The Joint Library System emerged out of interest in building on earlier initiatives for shared data repositories among the libraries in Denmark. The project was officially launched in March 2013 when KOMBIT, the non-profit organization that manages IT projects for government agencies in Denmark, issued a tender for a new library management system able to serve all the public libraries in the country. The strength of support for the project was reflected by the commitment of the majority of the municipalities to participate in the system. 88 of the municipalities committed to the project at its onset, with others joining during the implementation phase. Currently, all the public library systems in Denmark except one have fully implemented the system. The libraries in Hjørring announced in April 2018 that they would also participate in the Joint Library System, and implementation is planned for June 2018. With this recent addition, the Joint Library System includes all of the public libraries in Denmark.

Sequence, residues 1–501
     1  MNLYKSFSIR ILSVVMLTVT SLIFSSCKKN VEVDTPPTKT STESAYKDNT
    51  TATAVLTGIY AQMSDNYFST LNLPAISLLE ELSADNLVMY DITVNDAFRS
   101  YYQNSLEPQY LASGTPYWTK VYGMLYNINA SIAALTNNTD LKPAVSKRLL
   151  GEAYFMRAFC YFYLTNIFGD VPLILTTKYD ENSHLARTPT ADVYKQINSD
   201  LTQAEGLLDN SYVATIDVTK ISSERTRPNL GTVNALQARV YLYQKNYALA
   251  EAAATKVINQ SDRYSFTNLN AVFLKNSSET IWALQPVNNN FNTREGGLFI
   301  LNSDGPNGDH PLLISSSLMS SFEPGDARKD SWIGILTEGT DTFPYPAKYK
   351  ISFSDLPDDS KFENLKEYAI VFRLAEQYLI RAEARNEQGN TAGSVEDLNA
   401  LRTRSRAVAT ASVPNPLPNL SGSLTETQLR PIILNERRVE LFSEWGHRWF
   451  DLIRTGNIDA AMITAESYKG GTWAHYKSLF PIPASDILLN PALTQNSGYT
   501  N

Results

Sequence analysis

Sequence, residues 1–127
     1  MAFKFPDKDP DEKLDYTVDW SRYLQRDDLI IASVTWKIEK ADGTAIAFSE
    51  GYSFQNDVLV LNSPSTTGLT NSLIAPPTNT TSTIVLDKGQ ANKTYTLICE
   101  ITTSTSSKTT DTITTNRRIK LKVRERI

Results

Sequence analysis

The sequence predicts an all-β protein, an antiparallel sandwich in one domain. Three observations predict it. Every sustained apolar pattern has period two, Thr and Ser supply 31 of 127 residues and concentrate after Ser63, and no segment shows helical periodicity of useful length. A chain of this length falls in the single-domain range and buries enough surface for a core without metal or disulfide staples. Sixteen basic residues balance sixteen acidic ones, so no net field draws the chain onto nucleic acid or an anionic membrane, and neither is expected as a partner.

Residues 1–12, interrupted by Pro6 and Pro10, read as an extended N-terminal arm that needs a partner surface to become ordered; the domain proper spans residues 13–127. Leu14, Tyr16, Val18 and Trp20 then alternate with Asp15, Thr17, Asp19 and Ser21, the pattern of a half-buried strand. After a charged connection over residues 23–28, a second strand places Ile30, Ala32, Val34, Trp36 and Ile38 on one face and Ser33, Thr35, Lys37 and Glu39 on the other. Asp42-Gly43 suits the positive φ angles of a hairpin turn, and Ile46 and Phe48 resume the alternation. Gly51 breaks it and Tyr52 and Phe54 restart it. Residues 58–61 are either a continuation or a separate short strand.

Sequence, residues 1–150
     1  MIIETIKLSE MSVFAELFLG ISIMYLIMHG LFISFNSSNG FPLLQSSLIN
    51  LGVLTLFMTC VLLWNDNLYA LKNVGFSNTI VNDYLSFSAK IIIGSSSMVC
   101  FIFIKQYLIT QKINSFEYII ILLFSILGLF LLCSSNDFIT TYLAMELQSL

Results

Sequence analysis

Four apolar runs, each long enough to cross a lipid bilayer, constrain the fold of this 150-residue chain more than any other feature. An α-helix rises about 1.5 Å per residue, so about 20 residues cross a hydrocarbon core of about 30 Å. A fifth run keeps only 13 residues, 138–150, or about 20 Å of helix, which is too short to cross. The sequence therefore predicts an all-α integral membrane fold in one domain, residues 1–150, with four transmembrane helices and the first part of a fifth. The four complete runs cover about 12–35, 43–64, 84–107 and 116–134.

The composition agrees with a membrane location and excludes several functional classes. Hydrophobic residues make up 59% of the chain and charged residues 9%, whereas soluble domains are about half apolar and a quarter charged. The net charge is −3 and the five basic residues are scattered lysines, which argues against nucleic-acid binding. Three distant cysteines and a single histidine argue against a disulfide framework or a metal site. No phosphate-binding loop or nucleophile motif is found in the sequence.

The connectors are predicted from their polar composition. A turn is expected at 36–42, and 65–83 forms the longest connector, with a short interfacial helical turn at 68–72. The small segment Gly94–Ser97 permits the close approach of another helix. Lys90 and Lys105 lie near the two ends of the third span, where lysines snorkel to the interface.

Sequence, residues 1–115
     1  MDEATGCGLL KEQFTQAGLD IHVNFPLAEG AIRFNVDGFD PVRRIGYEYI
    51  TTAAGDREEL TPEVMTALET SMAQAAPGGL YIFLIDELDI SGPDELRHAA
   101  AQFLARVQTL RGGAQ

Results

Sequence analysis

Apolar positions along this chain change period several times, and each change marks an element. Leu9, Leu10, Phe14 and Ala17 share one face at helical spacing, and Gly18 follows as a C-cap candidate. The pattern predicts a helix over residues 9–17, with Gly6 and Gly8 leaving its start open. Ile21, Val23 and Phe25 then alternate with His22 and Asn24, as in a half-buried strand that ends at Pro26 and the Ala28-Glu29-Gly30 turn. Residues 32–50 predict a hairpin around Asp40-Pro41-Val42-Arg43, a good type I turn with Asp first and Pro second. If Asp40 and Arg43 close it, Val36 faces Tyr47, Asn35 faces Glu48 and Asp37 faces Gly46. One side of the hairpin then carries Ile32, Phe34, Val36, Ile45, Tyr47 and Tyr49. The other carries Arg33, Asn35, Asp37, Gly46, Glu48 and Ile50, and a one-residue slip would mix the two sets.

The tender invited proposals for the creation of a new custom-developed system to be operated on a large scale and delivered within an aggressive schedule. KOMBIT selected the Danish library software company Dantek for the project in June 2013. Dantek, founded in 1987, had developed the BiblioMatik system widely used in Scandinavian school libraries.

This selection was contested by Axiell, the incumbent provider of library management software to the majority of the public libraries, asserting that Dantek did not meet some of the required business metrics. The award was affirmed and Dantek was authorized to begin development of the new system in November 2013.

The overall value of the contract to develop and deploy the Joint Library System is estimated at $21 million with an annual operating cost of $1 million.1